Students and traditions[edit]

Student body[edit]

The number of students attending studying at EPFL has been rising heavily since EPFL was formed in 1969 under its current name. In 1969 EPFL had roughly 1400 students; that number had grown to 2367 by 1982, 4302 by 1997, 9921 students in 2014, and 10,536 students at the end of 2016.[47] Within the student body, 112 different nationalities are represented. In the period from 1982 to 2014 the female proportion of the student body has increased from 12% to 27%. The proportion of female students is lowest at the School of Computer Science and Communication (15%) and highest at the School of Life Sciences (49%).[48]


The Balelec Festival is a music festival organized annually on campus.

The school encourages the formation of associations and sports activities on campus. As of 2023, there are nearly a hundred clubs and associations on campus for recreational and social purposes.[49] In addition, the school has its own monthly newspaper, Flash. Included in the 79 associations are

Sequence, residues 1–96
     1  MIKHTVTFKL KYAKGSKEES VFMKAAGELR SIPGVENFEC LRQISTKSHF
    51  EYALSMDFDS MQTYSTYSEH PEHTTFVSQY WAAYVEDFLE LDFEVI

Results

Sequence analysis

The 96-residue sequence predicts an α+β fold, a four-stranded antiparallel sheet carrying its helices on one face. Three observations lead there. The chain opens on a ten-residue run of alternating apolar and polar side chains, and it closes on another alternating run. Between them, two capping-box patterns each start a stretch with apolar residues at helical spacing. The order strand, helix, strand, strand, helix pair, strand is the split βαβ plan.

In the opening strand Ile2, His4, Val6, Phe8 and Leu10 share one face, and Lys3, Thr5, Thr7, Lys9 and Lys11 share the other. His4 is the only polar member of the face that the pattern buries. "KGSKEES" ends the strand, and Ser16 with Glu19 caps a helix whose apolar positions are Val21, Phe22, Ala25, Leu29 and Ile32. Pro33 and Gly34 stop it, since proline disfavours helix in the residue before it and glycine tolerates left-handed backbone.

• AGEPoly is the Student's Association. Its purpose is to represent the EPFL's students, defend the general interests of the students and inform and consult its members on decisions of the EPFL Direction that concern them.[50]
  • The Forum is a student association responsible for organization of the Forum EPFL. The Forum was founded in 1982 as a platform for exchange and meeting between the academic and professional communities. Today, it is one of the largest recruiting events in Europe, and the largest in Switzerland.[51]